England allrounder Moeen Ali could be dropped for the first time in his Test career as England search for a solution to their overseas woes after the innings defeat at Eden Park, which included being bowled out for 58.
Moeen played his 50th Test in Auckland and has only missed one Test since his debut in 2014 – that was due to injury, which forced him to sit out the Antigua Test against West Indies in early 2015. However, his torrid Ashes form has followed him to New Zealand as he made 0 and 28 with the bat in the first Test, then took 0 for 59 off 17 overs having averaged 115 with the ball against Australia.
“I’m sure he’s disappointed with the way he’s gone,” coach Trevor Bayliss said. “He had a fantastic summer, this winter away I’m sure hasn’t gone how he would have liked. I’m sure that will be a discussion.”
There are a couple of routes England could take to replace Moeen. Given his lack of bowling impact, they could opt for another batsman – a potential debut for Liam Livingstone who would offer some part-time spin alongside Joe Root and Dawid Malan – and throw the bowling weight behind four quicks, including a possible recall for Mark Wood.
Another option would be to hand Jack Leach, the Somerset left-arm spinner who replaced Mason Crane, a first outing. England are likely to be wary of lengthening the tail, but the onus should be on the top order to do most of the run-scoring and Moeen has barely contributed with the bat recently.
“Having lost this game, they will certainly come into contention and certainly will be spoken about,” Bayliss said. “Having lost so many games overseas, we’ve given a lot of guys an opportunity who haven’t really grabbed hold of it. At some stage we have to look at who is next. That will certainly be discussed over the next couple of days.”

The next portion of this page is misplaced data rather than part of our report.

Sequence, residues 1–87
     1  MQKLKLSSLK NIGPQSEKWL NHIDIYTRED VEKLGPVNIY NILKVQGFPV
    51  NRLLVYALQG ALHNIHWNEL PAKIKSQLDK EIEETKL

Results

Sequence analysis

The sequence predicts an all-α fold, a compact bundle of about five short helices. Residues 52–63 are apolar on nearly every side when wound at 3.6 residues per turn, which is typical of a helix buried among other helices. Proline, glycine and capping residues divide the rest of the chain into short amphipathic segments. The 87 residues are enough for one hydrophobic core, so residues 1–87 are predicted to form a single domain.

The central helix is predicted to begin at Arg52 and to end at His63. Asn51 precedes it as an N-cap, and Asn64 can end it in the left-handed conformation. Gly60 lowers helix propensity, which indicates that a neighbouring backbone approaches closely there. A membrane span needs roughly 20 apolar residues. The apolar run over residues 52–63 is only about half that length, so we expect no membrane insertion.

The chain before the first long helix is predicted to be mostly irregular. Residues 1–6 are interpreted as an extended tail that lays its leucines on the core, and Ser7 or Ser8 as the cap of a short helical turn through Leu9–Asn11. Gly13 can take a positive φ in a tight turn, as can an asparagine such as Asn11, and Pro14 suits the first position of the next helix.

There could be multiple changes after England’s fifth innings defeat in eight Tests away from home, with Wood in contention to offer a different dimension to the pace attack. He would be a likely swap for Craig Overton who claimed 1 for 70 in Auckland. If Wood did play, it would be his first Test since Lord’s against South Africa last July, when he suffered a heel injury due to wearing the wrong insoles in his bowling boots.
“He was buzzing during the one-day series,” Bayliss said of Wood. “That [playing a Test] would be something he hasn’t done for a while, but his ankle is fine and he’s in a good head space.”
The other member of the bowling attack under pressure is Chris Woakes after a wicketless display in Auckland which took his overseas average to 61.77. However, he showed his value with the bat as he made a 118-ball 52 on the final day to give England a glimmer of escaping with a draw and his lower-order value may yet save him.
“Hopefully he can bowl a lot more like he did in the one-dayers,” Bayliss said. “What he showed in the one-day series was the length – he just got a little bit fuller and that puts pressure on, that fullish good length rather than that shortish good length. At home all pace bowlers can run in and the ball fairly naturally moves, where you have to work a little bit harder away from home with the Kookaburra ball on flatter wickets.”
England’s thinking will be partly dictated by the fitness of Ben Stokes who struggled with his back towards the end of his four-and-a-half hour 66. However, it is believed the pain stemmed for the amount of time at the crease – it was Stokes’ first first-class match since September and his fourth-longest Test innings in terms of balls faced – rather than a reaction to his attempts to increase his bowling workloads in training. Shortly before the first Test it was decided he was not ready to act as a fifth bowler, but he ran through his action before play each day.
Bayliss did not know whether he would be a bowling option in Christchurch, but was encouraged by his display with the bat having long endorsed Stokes as a No. 5
“The way he went about it over the last home summer, it stood out that he had the ability to be a world-class No. 5. I think we saw that again yesterday when it was tough and under a lot of a pressure. He led from the front doing the hard yards.”